The level of hate for airline stocks is as high as it has ever been. That is saying a lot because investors hated them for decades because of intrinsic problems with cost and human resources controls. Since then, the airlines streamlined a lot of processes and that propped up their financial performances. Consequently and over the last few years that bad reputation abated, and then this crisis hit. Southwest Airlines (NASDAQ:LUV) has its diehard fans on main street, and LUV stock had its fair share of them on Wall Street too. But for now, investors are hating on it just like the rest.
However, today’s bet is that it will change for the better once again.
This bet has gained a bit more strength after the airlines and U.S. government came to terms on the bailout deal. Ideally the airlines wanted it to be entirely a handout. Instead, they got some free money but there were also part of the aid as loans.
The upside of this is that LUV stock owners will live to fight another day. The deal took long to ink because of sticky optics situations. What made matters worse for the airlines is that they spent billions on stock buybacks when they could have built coffers of reserves to withstand this shock without the treasury intervening. Therein lies the resentment against the bailout. Case in point were the harsh opinions expressed by billionaire investor Chamath Palihapitiya on CNBC last week. In the end, Southwest will not fail!
Demand Is a Problem But Relief Is Almost Here
The whole world is in quarantine and hardly anyone is flying. The Transportation Security Administration reported screening record lows that are a tiny sliver of normal days. This week, the daily scans are near 90,000 versus 2.3 million same time last years. These are astonishingly low numbers that illustrate how devastating this quarantine is for the airlines. The airlines have a huge net to cover and almost no income to offset any of the expenses. They need the U.S. to open for business and soon.
Luckily we are starting to hear of plans to start reopening. This won’t be too hasty but any bits will help.
They should hit the ground running because over the past few years, the airlines improved their operations at the expense of the travelers. Now, we have to pay for everything as an extra fee, even in some cases for the reclining part of the seat. The advantage that Southwest has is that it established itself on the leaner, meaner concept, much like Amazon (NASDAQ:AMZN) did decades ago.
On its own, Southwest had good performance metrics. They built the airlines on the no-frills concept and people love it. I personally prefer to fly it when possible. But when this virus crisis hit, there was no amount of business smarts that could have saved LUV stock. The profit and loss statement is temporarily blown to smithereens. But now at least the fears that this would also blow up the balance sheet are gone, investors will come back to it.
LUV Stock Is Better Than the Rest
Throughout this crash, LUV stock held on to half of the 2012 rally. Whereas United Airlines (NASDAQ:UAL), Delta Air Lines (NYSE:DAL) and American Airlines (NASDAQ:AAL) gave up almost all of theirs.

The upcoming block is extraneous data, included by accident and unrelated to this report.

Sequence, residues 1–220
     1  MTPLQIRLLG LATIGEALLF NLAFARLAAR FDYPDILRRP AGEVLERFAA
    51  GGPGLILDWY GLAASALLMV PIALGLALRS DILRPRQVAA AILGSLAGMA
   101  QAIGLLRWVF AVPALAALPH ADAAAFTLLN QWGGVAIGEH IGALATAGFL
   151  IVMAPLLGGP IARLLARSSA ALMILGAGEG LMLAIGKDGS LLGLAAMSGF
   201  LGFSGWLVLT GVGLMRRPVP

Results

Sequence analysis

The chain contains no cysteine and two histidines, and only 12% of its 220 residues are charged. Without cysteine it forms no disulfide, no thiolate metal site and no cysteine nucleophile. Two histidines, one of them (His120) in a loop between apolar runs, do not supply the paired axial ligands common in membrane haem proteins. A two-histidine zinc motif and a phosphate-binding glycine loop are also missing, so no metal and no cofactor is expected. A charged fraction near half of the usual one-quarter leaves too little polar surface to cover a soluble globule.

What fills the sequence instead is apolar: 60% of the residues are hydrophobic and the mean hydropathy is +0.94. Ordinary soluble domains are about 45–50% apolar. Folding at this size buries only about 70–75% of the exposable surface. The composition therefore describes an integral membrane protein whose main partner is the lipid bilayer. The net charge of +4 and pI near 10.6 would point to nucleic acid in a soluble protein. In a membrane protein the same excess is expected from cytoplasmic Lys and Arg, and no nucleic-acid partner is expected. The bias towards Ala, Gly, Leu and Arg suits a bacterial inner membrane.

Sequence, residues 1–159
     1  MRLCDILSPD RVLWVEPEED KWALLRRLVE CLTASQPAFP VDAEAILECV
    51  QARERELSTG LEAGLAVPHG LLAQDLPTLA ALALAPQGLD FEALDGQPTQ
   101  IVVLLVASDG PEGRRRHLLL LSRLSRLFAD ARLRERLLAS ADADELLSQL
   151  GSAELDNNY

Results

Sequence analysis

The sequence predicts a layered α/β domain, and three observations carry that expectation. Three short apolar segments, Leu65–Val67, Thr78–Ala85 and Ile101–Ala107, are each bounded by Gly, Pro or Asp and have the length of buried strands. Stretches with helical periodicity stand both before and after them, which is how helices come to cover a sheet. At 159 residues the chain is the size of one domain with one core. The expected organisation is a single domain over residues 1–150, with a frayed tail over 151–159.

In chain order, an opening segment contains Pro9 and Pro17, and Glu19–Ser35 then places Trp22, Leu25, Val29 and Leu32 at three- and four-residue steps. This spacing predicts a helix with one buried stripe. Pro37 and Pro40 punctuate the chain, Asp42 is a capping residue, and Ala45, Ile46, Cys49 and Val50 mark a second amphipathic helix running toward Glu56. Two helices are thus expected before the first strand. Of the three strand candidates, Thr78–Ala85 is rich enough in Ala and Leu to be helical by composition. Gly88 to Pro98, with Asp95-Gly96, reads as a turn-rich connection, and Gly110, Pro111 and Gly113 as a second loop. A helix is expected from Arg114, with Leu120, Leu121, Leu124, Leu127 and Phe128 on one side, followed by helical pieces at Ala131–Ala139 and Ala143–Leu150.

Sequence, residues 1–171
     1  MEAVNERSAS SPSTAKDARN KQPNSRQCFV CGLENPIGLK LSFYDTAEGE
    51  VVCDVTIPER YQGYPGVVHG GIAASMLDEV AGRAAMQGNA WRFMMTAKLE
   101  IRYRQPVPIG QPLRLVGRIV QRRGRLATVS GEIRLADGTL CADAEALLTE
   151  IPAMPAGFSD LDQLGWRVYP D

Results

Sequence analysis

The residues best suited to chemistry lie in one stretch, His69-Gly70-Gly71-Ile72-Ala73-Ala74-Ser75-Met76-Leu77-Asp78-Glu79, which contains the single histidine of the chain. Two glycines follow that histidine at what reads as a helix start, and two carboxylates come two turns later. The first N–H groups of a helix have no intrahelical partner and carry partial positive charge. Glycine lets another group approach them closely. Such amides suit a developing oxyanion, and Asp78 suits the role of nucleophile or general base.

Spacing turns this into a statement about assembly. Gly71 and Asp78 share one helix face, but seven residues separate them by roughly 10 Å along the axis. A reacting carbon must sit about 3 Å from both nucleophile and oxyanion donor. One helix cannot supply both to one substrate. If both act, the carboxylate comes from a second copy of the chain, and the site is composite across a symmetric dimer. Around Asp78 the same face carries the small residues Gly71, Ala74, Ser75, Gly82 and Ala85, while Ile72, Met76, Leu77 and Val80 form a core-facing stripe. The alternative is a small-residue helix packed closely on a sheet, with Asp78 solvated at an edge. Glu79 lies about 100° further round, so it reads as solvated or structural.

Clearly, LUV stock remains a darling among its much uglier airline stock peers. After surviving this harshest of tests, where the whole world stopped flying and all of its clients disappeared almost overnight, there is no reason for the stock to fall below this support zone (see the chart above). Therefore, by default, the long-term upside opportunity is larger than the downside risk.
It will take time and there will be resistance areas, but eventually the profit and loss statement for Southwest will heal.
The Silent Risk That Is Berkshire Hathaway
Last week, investors panicked out of all airline stocks when they learned that Berkshire Hathaway (NYSE:BRK.A, NYSE:BRK.B) had sold a bunch of LUV and DAL shares. What they failed to realize is that they still owned over 50 million shares of each and just about as much of UAL. The risk lies now in the fact that as a result, Berkshire will not need to disclose their actions on the stocks until months after the fact. So the worry here is that Warren Buffer may be looking to sell out of them in bigger chunks than this partial sale.
However, it makes more sense that they actually want to add or change their terms of ownership on this huge sale in the stock. Buffet is a long-term investor and this difficulty here is temporary. Their business model remains intact and they can start the process toward normalcy just as soon as the world is free to move above the planet. After all, he is the one preaching to buy when others are fearful and this is the perfect example of it.
There might also be some good news pending on the Boeing’s (NYSE:BA) 737 Max model. Although nothing has been announced, it has been a while and I bet that the authorities have the incentive to let it fly again. This will help Southwest with its healing efforts.
Nicolas Chahine is the managing director of SellSpreads.com. Join his live chat room for free here. As of this writing, he did not hold a position in any of the aforementioned securities.